The London Design Festival is growing exponentially year on year, with over 250 partners and 300 events celebrating the best in design this September.
Here we take a look at the trends and highlights spotted during the week:
Dreamland exhibition at the V&A's Norfolk House -
During a six-month Digital Design Residency, art and design collective The T/Shirt Issue developed "a taste for staying in the building after dark."
"The silence and calmness that suddenly take over the Museum once its doors close fed a solemn interplay between the objects and our curiosity," wrote the collective's Murat Kocyigit, Hande Akcayli and Rozi Rexhepi in a press release.Inspired by this sensation and Edgar Allan Poe's 1844 poem "Dream-Land" about a ship that lands in a place outside of space and time, the artists created an installation that attempts to mix physical and abstract.
The art project includes eight pieces from the Victoria&Albert Museum's permanent collection that were 3D scanned and digitally sculpted to create four new hybrid creatures made of fabric.
Maker Carousel by Mette at 100% Design -
'Mette transformed the central 81m2 area of the 100% Design Interiors hall into a makerspace environment named Maker Carousel. The interactive installation harnessed the magic of the carousel to emphasise the liberation, imagination and wonder sparked by the materials and methods a contemporary designer-maker can explore.' (www.mettecreates.com)
The London Design Festival picked up where Milan left off, with the trend for natural rocks and materials again very popular with lots of marble and precious rocks used in their raw form. E.g. Pieces by the Italian design duo Alcarol at Mint Gallery. Natural materials were seen suspended in clear resin, juxtaposing to create visually stunning solid objects.
Marble continued to dominate and was used predominately as a surface – i.e. a table. For example, Daniel Schofield’s tables that highlighed contrasting veins and used the material at right angles and TCC Whitestones range of light and white sideboards and storage structures.
Ella Bulley used an unusual and unlikely natural material – sugarcane - to create a range of handmade tableware entitled Saccharum. Bulley explains that through her work she is able to ‘elevate sugarcane by transforming it from a humble crop into a crafted artifact.’ This was exhibited alongside work by Studio 9191 that resembled flesh and ‘questions the relationship and level of comfort we have in our own skins and with another’. The material is silicone and feels very skin like - it has a visceral quality that lends itself to this project. Both these projects were chosen by Aram Gallery to be part of 100%’s Graduate Talent of the Future section as they demonstrate an awareness of the design environment in a forward thinking and industry-focused way. They are innovative and thought provoking. (It is certainly a peculiar feeling sitting on something that resembles a large tummy)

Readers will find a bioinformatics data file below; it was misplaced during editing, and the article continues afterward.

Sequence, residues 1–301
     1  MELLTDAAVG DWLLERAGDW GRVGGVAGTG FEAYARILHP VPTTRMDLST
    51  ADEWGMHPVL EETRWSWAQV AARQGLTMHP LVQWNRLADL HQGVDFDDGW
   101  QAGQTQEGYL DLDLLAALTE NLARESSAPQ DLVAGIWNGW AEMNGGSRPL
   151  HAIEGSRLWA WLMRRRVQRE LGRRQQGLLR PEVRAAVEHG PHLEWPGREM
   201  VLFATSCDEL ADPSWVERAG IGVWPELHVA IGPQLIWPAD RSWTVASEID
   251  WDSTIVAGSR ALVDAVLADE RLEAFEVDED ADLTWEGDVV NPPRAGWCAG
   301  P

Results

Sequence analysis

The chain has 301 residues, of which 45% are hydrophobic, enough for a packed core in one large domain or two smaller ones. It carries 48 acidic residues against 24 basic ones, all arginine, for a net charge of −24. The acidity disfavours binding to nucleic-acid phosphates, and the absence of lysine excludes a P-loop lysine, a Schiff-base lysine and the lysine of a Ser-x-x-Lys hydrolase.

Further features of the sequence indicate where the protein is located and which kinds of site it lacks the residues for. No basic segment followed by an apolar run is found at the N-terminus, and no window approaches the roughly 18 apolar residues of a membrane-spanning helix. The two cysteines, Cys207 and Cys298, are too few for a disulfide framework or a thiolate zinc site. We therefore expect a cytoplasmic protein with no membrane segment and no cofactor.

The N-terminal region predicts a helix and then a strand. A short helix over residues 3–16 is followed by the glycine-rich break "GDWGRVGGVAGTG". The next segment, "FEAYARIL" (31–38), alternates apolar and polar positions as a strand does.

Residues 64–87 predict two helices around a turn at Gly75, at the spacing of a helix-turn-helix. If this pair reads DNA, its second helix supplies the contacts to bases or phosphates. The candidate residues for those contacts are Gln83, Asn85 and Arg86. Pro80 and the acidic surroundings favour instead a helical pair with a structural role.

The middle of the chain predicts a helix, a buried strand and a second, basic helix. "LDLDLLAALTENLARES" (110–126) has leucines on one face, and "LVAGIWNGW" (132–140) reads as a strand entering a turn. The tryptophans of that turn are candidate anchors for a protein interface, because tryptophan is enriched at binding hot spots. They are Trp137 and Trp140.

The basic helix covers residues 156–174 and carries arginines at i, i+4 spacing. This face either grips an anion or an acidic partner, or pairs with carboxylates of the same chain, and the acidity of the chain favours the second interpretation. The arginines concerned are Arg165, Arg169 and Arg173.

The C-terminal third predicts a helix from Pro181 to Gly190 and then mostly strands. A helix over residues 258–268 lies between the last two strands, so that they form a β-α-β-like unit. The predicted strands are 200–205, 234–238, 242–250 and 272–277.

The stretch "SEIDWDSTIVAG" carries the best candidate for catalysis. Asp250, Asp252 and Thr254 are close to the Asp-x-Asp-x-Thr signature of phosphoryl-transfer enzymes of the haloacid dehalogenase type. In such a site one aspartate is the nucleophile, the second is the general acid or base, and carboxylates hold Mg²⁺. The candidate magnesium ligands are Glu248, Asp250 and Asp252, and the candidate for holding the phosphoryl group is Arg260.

Also seen at Mint Gallery were dandelions encased in blocks of resin. Lights shone up from the base, illuminating the delicate heads of the plants in a perfect marriage of synthetic and natural materials. Babilus by Nir Meiri design studio also achieved this with their vases made from bamboo, oriented strand board, glass, and corian. The collection was influenced by the architecture of ancient cities, temples and altars with the separate components coming together to form a stepped and jagged profile.
Casting was popular as a manufacturing process in both concrete and metal – Maya side table by Tom Parfitt in Heals Discover, lighting by Bentu, Sand Cast stools by Sam Lloyd and the cast ‘molten metal’ bar stool.
Other metalwork – brass and brass colours still very popular, for example, Daniel Schofield's clever tarnished collection.
'Each piece is mirror polished then left half un -lacquered. Over time and with use the un-treated half will begin to tarnish, mainly from the natural oils secreted from the skin. The more they are used the stronger the tarnishing becomes thus creating a patina and story unique to the user of the piece.'
There were possibly more natural textile materials seen at LDF than Milan – my favourite example of this being Claire Anne Obriens range of hand knitted seating in a range of pastel and neon shades, seen here:
Wood was prevalent, with angular, 60s style legs seen throughout the show – here by Steuart Padwick, Barneby and Day, Dam and Hope and Hammer.
Overall, colours seen at LDF were predominately neons and brights. Below are some examples - stool by Bright Potato, Lina seating at 100% design, pieces by Squint and Anthony Hartley’s spiro tables.
Best in Show
We absolutely loved the wallpaper range by Abigail Edwards. Hand drawn patterns in grey and dark tones: